This week’s Courier Herald column:
It is wise to be wary of “national conversations” that we have right before elections. For the past couple of weeks, the confirmation hearings for Supreme Court Justice Kavanaugh had many national and local media outlets invoking the recent Me Too movement as part of the process.
Directly and indirectly, the point was made that if you believed women face sexual assault regularly that too often goes unreported, then Kavanaugh’s nomination must be rejected.
Some even went so far as to say that there is no presumption of innocence, as it was “just a job interview”. The expression of “believe women” has even been added to the conversation as a battering ram to imply that accused men are guilty before a defense can even be included.
It is possible to understand that the problem of sexual assault is real and widespread (it is), and not want to ruin someone’s life without proof of a transgression. These concepts are, and must remain, mutually exclusive.
Under our legal system, every individual has the presumption of innocence. There was a time when progressives were the ones that would argue it better for a guilty person to go free than an innocent one be found guilty.
As this was not a criminal trial, the rules that the jury of public opinion applies can be more subjective. As such, this was as much an exercise conducted under the rules of politics and media rather than law. It has revealed a lot about the current state of partisanship, and also the agenda driven cheerleading nature of our media.
Justice Kavanaugh has been sworn in, but this conversation needs to have at least one name added to it to begin a post script retrospective. That name is Karen Monahan.
Brett Kavanaugh was given a trial by the media. We know the name of his principal accuser, Christine Blasey Ford – despite her request to not be a public figure. A combination of Democratic staffers and willing media outlets made the decision that she would be a public figure for her. These facts are not in dispute. She was used for the political purposes of Democrats.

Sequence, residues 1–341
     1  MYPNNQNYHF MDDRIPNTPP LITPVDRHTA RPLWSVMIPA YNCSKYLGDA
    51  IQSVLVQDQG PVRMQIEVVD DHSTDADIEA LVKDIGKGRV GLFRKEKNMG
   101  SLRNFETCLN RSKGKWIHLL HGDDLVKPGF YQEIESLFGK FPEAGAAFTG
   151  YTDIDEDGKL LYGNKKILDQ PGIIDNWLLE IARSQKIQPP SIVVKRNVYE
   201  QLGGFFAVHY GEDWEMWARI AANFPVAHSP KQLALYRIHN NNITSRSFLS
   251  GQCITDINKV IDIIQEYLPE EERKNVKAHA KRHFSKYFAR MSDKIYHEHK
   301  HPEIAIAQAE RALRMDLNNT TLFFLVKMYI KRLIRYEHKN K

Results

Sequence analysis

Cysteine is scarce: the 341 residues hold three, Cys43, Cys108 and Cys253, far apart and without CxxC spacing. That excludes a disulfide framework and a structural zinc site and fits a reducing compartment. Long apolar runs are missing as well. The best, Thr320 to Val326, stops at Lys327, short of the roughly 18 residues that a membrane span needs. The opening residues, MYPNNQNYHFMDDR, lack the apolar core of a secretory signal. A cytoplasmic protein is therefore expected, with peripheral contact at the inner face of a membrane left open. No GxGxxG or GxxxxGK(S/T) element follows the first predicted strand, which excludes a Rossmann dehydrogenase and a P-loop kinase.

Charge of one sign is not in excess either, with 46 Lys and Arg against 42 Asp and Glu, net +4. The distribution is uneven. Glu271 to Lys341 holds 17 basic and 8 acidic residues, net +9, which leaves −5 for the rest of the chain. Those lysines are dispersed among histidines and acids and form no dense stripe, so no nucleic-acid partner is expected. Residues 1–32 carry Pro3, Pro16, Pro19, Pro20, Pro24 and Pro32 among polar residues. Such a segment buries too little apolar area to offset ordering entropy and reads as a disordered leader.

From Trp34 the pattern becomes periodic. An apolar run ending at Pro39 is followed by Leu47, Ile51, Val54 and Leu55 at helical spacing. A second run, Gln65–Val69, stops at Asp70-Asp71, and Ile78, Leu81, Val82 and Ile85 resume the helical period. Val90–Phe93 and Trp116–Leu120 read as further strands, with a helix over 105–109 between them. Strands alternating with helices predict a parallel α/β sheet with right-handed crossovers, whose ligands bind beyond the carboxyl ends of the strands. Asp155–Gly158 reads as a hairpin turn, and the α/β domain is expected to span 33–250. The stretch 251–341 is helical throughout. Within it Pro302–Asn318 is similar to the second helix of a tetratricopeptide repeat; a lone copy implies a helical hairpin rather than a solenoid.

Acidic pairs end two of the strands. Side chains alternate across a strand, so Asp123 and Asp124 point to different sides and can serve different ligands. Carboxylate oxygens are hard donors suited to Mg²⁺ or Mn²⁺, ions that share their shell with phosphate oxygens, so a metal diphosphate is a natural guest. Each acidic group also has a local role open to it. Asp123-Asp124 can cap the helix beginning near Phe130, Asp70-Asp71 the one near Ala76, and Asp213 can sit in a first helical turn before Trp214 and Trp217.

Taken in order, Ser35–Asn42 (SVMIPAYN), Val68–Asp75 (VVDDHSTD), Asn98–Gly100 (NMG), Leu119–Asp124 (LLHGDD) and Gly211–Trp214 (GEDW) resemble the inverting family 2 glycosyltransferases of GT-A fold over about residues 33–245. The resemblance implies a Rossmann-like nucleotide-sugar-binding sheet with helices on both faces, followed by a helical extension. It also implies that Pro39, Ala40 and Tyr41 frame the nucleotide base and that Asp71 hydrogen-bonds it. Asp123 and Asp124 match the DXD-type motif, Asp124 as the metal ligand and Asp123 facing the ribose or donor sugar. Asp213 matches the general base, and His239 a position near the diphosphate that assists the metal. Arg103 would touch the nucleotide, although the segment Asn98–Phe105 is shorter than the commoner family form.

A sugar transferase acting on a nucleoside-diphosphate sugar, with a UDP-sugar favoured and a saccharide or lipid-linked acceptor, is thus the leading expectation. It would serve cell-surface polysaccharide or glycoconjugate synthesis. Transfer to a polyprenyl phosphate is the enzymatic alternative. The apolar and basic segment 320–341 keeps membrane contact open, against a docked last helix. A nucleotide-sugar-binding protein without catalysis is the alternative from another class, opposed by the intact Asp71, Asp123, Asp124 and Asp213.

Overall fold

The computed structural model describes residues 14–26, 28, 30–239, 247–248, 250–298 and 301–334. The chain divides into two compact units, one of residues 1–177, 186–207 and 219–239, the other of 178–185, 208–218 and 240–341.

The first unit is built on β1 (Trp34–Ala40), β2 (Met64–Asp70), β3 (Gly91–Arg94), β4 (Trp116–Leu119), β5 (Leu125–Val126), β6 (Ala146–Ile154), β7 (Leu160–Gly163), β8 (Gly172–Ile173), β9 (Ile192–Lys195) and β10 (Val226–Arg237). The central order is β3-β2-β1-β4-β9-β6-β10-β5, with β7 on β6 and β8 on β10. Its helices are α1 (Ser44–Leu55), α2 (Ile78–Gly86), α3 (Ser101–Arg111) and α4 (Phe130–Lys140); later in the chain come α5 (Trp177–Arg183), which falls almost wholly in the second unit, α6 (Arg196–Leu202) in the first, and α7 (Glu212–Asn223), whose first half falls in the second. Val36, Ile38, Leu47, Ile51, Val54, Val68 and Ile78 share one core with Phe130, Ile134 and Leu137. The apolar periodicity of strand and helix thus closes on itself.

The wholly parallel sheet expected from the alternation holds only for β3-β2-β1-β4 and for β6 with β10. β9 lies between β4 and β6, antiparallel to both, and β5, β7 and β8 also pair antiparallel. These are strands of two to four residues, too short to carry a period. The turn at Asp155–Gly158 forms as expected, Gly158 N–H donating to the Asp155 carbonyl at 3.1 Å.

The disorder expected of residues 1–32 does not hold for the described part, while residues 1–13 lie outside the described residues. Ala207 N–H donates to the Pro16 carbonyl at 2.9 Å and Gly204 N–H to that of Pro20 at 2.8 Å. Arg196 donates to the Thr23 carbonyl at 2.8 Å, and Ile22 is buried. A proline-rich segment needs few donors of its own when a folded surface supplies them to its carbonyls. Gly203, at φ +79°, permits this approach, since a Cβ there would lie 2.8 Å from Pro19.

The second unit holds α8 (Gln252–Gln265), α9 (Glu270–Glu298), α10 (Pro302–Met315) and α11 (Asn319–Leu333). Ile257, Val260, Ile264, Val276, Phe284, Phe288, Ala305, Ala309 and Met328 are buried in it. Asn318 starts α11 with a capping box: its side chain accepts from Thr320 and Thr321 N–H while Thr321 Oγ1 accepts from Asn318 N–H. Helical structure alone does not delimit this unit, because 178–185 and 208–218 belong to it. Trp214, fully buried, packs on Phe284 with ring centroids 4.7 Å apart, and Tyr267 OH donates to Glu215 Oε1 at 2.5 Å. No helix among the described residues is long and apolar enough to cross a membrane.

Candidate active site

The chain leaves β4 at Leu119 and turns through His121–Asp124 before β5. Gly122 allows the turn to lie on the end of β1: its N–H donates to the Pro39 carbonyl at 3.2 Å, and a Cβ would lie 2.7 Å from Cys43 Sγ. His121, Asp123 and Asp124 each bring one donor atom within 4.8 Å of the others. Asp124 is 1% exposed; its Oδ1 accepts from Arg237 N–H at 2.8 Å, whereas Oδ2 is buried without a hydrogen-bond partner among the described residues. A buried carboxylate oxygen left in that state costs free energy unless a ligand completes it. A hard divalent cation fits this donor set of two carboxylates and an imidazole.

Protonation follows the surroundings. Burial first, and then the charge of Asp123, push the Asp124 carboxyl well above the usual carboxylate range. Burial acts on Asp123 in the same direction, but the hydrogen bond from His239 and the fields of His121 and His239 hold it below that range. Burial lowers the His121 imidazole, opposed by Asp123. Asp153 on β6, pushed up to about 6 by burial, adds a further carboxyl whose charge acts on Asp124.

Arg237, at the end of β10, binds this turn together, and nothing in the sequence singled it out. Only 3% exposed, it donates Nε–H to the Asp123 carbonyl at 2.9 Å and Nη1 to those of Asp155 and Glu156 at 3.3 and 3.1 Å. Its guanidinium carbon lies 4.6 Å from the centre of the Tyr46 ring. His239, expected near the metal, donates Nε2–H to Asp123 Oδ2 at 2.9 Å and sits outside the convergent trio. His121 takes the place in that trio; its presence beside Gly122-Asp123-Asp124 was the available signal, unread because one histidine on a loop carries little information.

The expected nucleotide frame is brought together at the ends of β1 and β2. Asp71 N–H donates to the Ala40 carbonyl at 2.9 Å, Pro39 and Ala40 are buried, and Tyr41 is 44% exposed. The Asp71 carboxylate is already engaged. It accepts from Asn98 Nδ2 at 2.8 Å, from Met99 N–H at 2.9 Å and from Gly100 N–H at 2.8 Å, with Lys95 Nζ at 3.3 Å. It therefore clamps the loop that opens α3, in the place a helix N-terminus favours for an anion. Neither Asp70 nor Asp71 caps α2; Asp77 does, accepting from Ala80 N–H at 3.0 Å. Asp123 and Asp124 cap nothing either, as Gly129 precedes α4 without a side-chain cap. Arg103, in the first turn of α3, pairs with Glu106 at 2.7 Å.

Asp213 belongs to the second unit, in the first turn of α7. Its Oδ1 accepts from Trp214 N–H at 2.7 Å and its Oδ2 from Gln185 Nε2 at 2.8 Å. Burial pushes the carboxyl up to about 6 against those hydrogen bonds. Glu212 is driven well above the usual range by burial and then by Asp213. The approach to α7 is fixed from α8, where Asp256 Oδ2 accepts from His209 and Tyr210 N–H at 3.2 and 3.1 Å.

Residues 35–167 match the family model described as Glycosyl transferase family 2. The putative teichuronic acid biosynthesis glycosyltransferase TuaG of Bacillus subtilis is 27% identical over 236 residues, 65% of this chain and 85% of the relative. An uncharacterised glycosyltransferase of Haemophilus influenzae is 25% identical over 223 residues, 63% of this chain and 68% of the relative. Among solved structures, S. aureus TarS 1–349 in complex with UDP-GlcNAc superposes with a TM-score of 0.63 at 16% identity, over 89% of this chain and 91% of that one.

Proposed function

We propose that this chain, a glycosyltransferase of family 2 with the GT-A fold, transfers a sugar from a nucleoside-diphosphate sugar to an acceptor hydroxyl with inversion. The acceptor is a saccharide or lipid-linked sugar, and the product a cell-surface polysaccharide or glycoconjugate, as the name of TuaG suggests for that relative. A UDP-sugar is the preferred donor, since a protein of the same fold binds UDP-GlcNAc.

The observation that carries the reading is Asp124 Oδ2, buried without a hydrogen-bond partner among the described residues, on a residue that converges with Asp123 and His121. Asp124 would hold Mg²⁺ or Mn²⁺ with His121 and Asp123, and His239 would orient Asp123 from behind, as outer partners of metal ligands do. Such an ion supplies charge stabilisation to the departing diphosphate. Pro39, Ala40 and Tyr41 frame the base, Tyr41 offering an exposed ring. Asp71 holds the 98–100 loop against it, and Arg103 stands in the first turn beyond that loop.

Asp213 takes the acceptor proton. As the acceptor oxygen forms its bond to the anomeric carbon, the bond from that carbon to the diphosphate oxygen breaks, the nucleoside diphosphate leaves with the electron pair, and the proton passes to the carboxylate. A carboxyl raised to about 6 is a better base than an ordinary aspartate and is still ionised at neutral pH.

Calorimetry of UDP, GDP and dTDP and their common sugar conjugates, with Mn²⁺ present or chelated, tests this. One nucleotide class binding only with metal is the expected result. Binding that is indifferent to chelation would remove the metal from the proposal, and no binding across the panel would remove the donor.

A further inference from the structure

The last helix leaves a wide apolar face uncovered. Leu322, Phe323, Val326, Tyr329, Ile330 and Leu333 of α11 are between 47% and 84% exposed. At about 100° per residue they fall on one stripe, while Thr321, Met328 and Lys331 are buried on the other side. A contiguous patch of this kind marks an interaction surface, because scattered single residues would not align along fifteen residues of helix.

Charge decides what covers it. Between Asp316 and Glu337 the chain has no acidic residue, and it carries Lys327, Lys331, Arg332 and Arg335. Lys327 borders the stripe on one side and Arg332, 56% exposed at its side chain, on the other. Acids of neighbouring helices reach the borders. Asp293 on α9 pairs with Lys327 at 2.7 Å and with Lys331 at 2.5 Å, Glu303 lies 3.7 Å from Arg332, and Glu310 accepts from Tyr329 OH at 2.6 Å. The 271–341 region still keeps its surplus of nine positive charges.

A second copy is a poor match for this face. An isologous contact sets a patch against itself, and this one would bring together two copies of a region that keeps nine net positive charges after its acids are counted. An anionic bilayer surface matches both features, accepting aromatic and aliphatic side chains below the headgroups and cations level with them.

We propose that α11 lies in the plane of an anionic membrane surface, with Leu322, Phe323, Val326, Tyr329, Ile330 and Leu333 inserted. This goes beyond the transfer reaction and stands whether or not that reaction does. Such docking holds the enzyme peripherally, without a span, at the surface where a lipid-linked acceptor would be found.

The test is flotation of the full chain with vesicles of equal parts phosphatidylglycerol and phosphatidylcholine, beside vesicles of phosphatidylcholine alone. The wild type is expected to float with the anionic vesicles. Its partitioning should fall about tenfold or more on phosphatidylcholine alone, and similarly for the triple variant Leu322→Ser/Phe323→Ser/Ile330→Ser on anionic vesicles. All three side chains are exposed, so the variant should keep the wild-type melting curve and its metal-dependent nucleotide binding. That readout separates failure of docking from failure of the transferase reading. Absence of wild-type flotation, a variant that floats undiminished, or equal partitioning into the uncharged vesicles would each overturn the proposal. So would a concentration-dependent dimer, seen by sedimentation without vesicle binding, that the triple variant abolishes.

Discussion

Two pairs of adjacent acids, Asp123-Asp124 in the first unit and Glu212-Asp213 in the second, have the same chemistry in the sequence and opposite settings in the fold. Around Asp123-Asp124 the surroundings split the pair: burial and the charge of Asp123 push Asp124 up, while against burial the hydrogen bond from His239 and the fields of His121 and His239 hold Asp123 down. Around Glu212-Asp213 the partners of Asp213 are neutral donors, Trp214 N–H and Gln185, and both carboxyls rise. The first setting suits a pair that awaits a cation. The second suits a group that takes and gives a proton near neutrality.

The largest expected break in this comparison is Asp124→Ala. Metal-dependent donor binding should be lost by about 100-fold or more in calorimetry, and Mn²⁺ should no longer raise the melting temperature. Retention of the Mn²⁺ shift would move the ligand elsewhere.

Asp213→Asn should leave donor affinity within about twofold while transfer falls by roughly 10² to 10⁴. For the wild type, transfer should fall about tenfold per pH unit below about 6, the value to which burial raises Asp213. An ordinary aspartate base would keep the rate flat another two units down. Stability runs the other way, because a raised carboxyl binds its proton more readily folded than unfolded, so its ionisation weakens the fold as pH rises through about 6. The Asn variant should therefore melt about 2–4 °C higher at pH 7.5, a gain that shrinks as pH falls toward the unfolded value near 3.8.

And yet, media outlets were not only willing to take away presumption of Kavanaugh’s innocence, they were willing to sacrifice their own journalistic ethics to pile on. Almost every one used the same phrase – “credibly accused”.
Weeks of stories based on rumor and hearsay ultimately ended with no one actually claiming to have seen the acts as described breathlessly by outlets that were willing to fan smoke until the fire arrived. NBC News went so far as to claim an exclusive with a five-person byline to report an anonymous letter received with no names, no addresses, and no contact information – Just more scandalous yet baseless claims that went straight to “news”.
Why do I bring up the media’s role? Because of Karen Monahan.
Karen Monahan has “credibly accused” Representative Keith Ellison of domestic violence. She didn’t actually come forward first – her son made the initial accusation. By the media’s “credibly accused” standard, Monahan has more evidence than Ford. She has text messages about her abuse and names of those with which she has shared her story contemporaneously, in real time.
Ellison isn’t just a sitting Democratic Congressman. He’s also the Co-Chairman of the Democratic National Committee. As such, he’s got a direct interest in many of the campaigns across the country as the Democrats try to roll back gains made by Republicans over the past decade.
You may have noticed a steady diet from national and local media on the role of female candidates the DNC has recruited as part of their strategy. There’s a stated goal – with media buy-in to push the narrative that women offended by Donald Trump will elect Democrats in protest.
As the Kavenaugh hearings came to a final vote, Karen Monahan has continued to tweet her story. She’s challenged Nancy Pelosi and the DNC’s quotes about believing all women. Ellison, despite the charges, remains the Democratic Nominee to be Minnesota’s Attorney General – their top law enforcement officer.
It is the media that needs the most scrutiny here. We can expect the DNC to serve its partisan purposes and pretend Monahan doesn’t exist. It’s the members of the media that rushed to report every unsubstantiated rumor on Kavenaugh but continue to ignore Monahan in the context of his role as a Democratic leader that needs the questions.
A clear double standard is at play here. Too many media outlets have harvested Resistance click-bait over charges from Brent Kavenaugh but have virtually disappeared Karen Monahan. This is a failure of unbiased journalism and cheapens the value of the Me Too movement.